My phone rang and I took it out of my jeans-pocket. I stared at the number on the screen. It was Bongiwe’s number. I smiled to myself as I looked at the number. I quickly pressed the answering button. She had phoned to tell me that she had arrived at 10th Street Vootrekker road, our pre-arranged rendezvous. We were going to take the taxi to town together to spend our day, celebrating our birthdays.

I switched off the TV in haste, picked up my backpack and rushed out of the house to meet her. As I was coming round the corner of 10th Street, I saw her standing, waiting, looking stunning in her vintage clothing. A beautifully knitted maroon scarf hanging loosely around her neck. My heart palpitated in apprehension and for a moment I contemplated of melting in the sun.

I could not conceal my happiness. I smiled broadly unveiling my milky white teeth as we came closer to embrace each other. When she clamped me, I froze between her hands and for a moment the world ceased to exist. It was only me and Bongiwe. Her beautiful scent nourished the entire atmosphere.

After exchanging greetings, we flagged down the first taxi that came into sight and made our way into the city centre. The taxi driver was blasting on the stereo ‘All eyes on me’ by Tupac, the best lyricist ever. The taxi dropped us at the top of the deck. The deck was lively with activity. Taxis loading and off-loading commuters, voices of vendors trying to attract the attention of potential customers and customers haggling over prices with the hawkers.

We walked all the way to Long Street oblivious to our surroundings. All along we were absorbed in sizzling conversation, Bongiwe laughing uncontrollably at the silly jokes I cracked here and there.

We had decided to have lunch at the Diplomatic Bar and restaurant in Long Street. The restaurant was sparsely occupied and this gave us more confidence to be ourselves. The waiter came to our table and we both ordered glasses of white wine whilst scouring through the main menu.

Bongiwe chose a cheap and simple meal; rice and beef stew, which I decided to go with as well. I realised that both of us did not care much about the food but the special moment we were having. She shared with me her love for children. Her hopes and fears of becoming a mother. She wondered if she was going to become a wonderful mother to her children or rather a monster of a mother. We enjoyed enormously our conversation as well as our savoury dishes.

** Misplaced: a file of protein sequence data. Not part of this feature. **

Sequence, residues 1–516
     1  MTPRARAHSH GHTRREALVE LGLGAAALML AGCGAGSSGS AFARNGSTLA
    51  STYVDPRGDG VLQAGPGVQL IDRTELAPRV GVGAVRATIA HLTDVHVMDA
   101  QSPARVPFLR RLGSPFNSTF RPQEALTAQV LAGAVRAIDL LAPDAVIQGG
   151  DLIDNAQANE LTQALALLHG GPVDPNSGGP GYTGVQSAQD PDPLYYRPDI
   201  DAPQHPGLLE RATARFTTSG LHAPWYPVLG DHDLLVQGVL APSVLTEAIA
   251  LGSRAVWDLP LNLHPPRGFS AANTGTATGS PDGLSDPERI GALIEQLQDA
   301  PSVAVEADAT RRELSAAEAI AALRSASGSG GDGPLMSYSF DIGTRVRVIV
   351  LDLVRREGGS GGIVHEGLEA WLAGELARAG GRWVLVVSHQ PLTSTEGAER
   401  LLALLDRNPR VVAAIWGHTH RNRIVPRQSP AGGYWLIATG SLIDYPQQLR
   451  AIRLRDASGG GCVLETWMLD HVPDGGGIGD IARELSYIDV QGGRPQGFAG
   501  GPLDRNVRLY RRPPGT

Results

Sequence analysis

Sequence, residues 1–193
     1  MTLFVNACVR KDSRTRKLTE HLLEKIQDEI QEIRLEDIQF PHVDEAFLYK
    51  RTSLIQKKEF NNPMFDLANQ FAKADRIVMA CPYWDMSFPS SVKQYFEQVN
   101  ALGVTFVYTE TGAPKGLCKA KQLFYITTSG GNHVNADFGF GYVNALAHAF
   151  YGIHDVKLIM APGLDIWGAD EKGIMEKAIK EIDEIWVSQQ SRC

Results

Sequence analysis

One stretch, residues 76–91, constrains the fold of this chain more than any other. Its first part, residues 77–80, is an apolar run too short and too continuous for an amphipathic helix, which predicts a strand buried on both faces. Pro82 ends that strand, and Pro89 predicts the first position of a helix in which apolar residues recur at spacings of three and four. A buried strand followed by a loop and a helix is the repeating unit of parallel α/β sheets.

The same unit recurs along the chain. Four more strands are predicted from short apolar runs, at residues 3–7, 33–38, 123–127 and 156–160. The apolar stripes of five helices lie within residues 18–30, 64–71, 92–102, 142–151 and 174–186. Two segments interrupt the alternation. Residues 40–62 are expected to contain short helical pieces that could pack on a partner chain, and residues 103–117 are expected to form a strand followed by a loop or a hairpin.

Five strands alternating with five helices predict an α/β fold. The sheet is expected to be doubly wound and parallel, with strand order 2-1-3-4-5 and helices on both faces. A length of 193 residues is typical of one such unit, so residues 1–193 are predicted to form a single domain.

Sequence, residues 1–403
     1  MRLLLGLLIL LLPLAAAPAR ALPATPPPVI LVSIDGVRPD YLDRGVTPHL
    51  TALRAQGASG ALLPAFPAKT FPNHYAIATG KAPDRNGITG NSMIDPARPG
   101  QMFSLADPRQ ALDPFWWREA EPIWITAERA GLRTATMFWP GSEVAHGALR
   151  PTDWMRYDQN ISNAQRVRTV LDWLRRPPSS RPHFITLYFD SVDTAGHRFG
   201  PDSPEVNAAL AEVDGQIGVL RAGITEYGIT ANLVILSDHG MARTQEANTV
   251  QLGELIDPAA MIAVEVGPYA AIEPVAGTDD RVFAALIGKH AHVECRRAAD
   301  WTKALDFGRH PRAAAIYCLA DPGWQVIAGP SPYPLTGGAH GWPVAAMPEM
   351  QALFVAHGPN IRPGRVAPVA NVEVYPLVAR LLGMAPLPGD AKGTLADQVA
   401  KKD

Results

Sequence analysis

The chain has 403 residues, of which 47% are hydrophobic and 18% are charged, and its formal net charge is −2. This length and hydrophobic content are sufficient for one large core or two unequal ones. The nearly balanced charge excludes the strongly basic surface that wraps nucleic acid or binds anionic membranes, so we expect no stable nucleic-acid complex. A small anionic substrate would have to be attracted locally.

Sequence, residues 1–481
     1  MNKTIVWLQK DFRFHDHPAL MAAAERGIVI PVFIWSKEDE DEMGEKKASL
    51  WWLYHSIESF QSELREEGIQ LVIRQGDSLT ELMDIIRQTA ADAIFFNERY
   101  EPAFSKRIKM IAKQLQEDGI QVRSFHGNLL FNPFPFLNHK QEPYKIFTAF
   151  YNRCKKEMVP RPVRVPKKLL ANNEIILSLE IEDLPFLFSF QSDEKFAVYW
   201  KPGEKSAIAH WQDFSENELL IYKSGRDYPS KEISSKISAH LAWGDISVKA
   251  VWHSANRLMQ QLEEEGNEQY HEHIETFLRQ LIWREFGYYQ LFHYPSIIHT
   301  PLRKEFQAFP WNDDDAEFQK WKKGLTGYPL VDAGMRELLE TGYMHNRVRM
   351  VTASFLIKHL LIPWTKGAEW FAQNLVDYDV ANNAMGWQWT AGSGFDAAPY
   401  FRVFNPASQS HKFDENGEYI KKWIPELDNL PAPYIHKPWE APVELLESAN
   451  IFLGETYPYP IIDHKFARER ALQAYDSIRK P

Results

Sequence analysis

When we finished devouring our delicacies, Bongiwe took out her present and presented it to me and I did the same. I unwrapped my present and it was a copy of Tsitsi Dangarembga’s Nervous Conditions and Bongiwe’s present was a copy of Steve Biko’s I write what I like. We were both excited about our presents and we promised to share our opinions about the books once we dipped our noses into them. We requested our bill which we paid and tipped the waiter, handsomely.

We gathered all our things and went to Jimmy Jimalo Bar to down a few bottles of beer before going back to the township. When we arrived at the bar a lot of people were seated on the wooden benches outside, glued to the Television watching the English Premiership game. It was the game between Manchester United versus West Ham, if my memory still serves me right. They were drinking, shouting at the top of their voices encouraging their players to score.

Inside the bar, the dance floor was choked with people dancing to the dancehall music. We went straight to the counter, ordered some beers and joined the crowd on the dance floor. On the wall there was a beautiful picture of Che Guevara starring at us, holding a burning Cuban cigar in his right hand. And close to this treasure trove was a powerful political statement by Jimmy Jimalo talking about fighting to end poverty.

We danced and danced and took our seats when we were exhausted and watched people dancing, downing our beers. I was drinking Castle Lager and Bongiwe was drinking Castle Lite. We did not stay that much as we were not drinking to get drunk

We went to the taxi rank and hugged each other goodbye. It was a poignant moment, watching Bongiwe being devoured into the belly of the taxi after having such a splendid time. I took refuge in the fact that we had resolved to meet again soon. I smiled triumphantly as I walked to take the taxi to go home.


Tell us: What is your happiest birthday celebration memory?